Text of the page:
How one Marlborough vineyard is dealing with a changing climate - download video
Leefield Station, deep in the Waihopai Valley, was exposed to the same dry conditions as everyone else. But smart investment in infrastructure meant the business was much better placed to deal with the rapidly changing climate conditions.
Five years ago, Brent Marris bought a dry, dusty sheep and beef station. Since then, he and his team transformed the farm, planting 750ha of vines.
Sustainability has played a big role in the planning with a focus on “What is the ground going to produce and what is Mother Nature going to produce?”
One of the first considerations was making sure they had enough water.
With council consent and a permit to store water, they built a dam on the property 300m long and 14m deep, capable of holding 330 million litres.
Leefield captures and stores water when rivers are at high flow.
This didn’t come cheap but Marris saw it as an investment rather than a cost. “It means we can sleep at night.”
It also meant while others struggled through the big dry, Leefield had a bumper harvest.
Now there is further investment in the form of a new winery which incorporates solar energy recovery, rain water collection, recycling of waste water for pasture irrigation and spreaders for returning Marc (pressed grape skins) to the farm and vineyard as fertilizer.
Along with nearby Marisco Vineyard, which Marris also owns, the business now employs 90 fulltime and 20 vintage staff across their Marlborough properties with a further 24 fulltime and up to 40 vintage staff planned for the winery under construction.
Beyond the obvious positive economic effects for Marlborough, this story highlights the contribution regional New Zealand makes to the country’s export earnings and broader economic growth.
It also highlights why it’s important for businesses to look at risks and think about how investment in infrastructure can help mitigate those risks.
Building a dam involved a large capital outlay as part of a 20-year plan. But now the whole business is less risky as it helps manage seasonal volatility.
Infrastructure tends to involve high-cost investments, but means businesses and regions are less volatile, more bankable and can attract capital.
Making the right decisions around infrastructure early on is not only good for business, but is good for everyone.
New Zealand plays a big role in feeding the world and it’s something we’re very good at. We have land and water and we invest capital into businesses and infrastructure so we can grow food and export it.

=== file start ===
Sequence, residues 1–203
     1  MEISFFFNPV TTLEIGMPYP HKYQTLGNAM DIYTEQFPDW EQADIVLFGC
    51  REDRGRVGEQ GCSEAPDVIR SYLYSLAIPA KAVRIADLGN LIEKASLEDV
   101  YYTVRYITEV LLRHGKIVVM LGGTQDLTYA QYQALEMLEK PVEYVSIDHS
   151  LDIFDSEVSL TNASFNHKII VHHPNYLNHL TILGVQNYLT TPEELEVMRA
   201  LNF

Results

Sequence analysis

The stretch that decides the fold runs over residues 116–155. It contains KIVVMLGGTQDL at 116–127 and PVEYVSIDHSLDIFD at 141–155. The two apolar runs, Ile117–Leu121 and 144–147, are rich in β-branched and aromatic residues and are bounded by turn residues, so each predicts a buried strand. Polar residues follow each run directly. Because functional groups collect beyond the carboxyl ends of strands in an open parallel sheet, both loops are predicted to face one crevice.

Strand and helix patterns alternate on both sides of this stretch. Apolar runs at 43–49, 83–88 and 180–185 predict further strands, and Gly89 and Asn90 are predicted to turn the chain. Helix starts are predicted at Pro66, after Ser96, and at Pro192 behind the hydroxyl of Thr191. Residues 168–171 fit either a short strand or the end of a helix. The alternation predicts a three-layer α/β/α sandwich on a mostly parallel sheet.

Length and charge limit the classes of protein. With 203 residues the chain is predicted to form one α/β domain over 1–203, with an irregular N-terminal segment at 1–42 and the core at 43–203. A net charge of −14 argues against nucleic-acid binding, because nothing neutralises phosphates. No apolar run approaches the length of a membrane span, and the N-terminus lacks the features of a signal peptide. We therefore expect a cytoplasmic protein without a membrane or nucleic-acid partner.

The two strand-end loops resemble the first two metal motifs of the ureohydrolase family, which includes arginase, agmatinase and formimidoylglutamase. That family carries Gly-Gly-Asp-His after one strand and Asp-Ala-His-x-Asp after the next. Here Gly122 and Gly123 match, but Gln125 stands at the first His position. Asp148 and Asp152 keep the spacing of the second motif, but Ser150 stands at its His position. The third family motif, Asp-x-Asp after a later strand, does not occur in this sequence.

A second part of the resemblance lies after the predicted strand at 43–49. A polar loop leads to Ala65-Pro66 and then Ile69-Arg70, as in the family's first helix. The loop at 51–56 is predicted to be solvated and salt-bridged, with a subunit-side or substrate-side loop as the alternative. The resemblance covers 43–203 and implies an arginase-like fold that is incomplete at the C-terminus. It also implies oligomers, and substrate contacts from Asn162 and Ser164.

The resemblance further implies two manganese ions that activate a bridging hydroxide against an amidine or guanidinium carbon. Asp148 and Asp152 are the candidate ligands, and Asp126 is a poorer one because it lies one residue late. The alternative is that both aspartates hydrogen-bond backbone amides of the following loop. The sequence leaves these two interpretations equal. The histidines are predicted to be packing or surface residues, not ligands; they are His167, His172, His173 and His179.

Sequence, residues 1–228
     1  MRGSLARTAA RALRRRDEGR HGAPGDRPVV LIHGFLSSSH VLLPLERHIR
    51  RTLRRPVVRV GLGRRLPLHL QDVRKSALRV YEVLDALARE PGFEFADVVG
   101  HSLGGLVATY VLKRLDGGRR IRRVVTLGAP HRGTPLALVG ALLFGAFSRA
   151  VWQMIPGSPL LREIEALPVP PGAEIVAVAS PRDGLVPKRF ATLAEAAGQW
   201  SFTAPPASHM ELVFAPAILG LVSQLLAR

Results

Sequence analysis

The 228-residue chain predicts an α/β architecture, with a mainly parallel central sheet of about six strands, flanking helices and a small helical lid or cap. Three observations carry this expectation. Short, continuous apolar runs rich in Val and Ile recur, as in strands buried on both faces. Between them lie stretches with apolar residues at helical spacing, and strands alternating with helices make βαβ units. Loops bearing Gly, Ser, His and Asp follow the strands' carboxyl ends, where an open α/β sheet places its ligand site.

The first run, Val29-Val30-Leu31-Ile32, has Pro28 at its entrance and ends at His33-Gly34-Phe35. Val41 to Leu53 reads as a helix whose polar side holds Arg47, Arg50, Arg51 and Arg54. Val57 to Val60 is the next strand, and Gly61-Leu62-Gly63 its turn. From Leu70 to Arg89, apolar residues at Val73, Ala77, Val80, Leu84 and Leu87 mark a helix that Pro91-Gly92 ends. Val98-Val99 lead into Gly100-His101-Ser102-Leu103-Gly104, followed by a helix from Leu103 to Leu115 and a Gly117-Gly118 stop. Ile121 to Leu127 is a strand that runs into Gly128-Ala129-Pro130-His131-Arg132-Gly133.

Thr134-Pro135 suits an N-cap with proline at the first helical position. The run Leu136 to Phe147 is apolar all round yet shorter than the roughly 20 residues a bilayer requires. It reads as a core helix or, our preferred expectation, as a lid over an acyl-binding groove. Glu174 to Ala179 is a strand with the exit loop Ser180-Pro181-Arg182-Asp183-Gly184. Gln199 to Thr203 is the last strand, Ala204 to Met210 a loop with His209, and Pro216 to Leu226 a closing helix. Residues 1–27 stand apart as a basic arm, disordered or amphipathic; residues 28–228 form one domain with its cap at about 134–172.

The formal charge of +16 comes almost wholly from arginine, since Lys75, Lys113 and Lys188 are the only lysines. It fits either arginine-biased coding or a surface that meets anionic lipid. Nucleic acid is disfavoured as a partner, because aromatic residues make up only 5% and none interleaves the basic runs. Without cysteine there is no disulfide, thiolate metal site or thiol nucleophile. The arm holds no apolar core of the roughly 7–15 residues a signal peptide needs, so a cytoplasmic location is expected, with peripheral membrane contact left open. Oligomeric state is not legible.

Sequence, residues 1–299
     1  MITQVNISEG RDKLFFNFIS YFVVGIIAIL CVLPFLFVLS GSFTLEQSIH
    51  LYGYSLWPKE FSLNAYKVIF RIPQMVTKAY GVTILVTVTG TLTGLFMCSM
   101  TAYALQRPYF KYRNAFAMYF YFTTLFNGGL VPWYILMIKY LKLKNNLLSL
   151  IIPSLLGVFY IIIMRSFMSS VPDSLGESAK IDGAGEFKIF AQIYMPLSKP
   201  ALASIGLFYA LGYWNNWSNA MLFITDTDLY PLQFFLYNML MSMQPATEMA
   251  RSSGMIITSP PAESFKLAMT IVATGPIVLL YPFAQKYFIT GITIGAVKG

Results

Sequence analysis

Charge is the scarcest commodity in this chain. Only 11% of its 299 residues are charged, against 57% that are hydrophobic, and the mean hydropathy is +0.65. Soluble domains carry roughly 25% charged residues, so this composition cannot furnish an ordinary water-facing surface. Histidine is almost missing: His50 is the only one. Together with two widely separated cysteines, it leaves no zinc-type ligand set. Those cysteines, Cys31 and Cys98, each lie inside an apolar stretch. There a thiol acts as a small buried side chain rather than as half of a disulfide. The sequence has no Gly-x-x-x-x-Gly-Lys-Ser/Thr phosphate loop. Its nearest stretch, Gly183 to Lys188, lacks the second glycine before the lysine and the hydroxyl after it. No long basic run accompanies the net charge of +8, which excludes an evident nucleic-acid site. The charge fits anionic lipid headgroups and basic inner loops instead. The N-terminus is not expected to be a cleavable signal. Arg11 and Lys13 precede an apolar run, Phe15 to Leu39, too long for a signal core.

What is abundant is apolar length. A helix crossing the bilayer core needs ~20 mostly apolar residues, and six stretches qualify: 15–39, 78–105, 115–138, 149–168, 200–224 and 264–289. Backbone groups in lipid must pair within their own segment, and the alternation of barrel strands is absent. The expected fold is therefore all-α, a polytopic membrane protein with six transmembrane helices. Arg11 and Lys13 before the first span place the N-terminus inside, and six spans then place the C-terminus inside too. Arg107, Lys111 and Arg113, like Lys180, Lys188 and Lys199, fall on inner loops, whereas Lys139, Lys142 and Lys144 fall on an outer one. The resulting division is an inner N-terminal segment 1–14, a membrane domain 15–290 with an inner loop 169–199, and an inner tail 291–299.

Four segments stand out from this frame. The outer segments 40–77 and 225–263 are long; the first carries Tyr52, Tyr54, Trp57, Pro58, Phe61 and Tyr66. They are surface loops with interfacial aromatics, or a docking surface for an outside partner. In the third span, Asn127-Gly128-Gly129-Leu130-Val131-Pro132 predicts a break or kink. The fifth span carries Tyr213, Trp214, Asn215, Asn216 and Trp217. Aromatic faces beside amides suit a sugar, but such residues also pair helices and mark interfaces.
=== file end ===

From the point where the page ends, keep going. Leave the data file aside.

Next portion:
When it comes to the world’s stock of natural assets (geology, soil, air, water) we are very well off. The World Bank estimates we are the 8th wealthiest country in terms of natural capital (on a per capita basis), and the richest when it comes to renewable resources.
Thirteen of New Zealand’s top-20 export commodity earners depend on natural capital, those thirteen commodity earners make up more than 70% of our entire export earnings.
Much of that is generated in the regions where continued sustainable regional growth requires investment in infrastructure.
It is vital to our economic development and prosperity which is why we must address our infrastructure deficit.
So how do we work together to ensure there is a cohesive strategic plan across New Zealand? How do we take an example like smart investment in a dam for water security and the positive ripple effects throughout a business and wider community, and replicate that at scale across the country?
With the cost of borrowing at an all-time low, the time is right for the Government and investors to borrow and invest in infrastructure projects.
We’ve sent a clear message that New Zealand is ‘open for business’ to let would-be investors know we are looking for investment partners. This is key as without private capital and large-scale investment our infrastructure deficit can’t be repaired.
The Government’s Provincial Growth Fund is a positive step for the regions - investing $3 billion over three years with the aim of building a regional economy that is sustainable, inclusive and productive.
A recent announcement that it will invest up to $18.5 million to help investigate and – if feasible – construct community scale water storage and use options in Kaipara and the Mid-North, is a positive move for the drought-prone region. If successful it would unlock land use, create jobs and significantly boost the local economy.
Without initiatives like this the cost falls to ratepayers, and small councils struggle to get the infrastructure investment they need.
Financing private businesses in the regions, like Marisco Vineyards and Leefield Station, to enable investment in long-term sustainable infrastructure projects is also really important.
We should challenge the regions, and New Zealand, to think more like Marisco and invest in infrastructure to not only reduce risk but to drive more sustainable, and ultimately better, outcomes for the country.
Paul Goodwin is Managing Director, Institutional, ANZ New Zealand.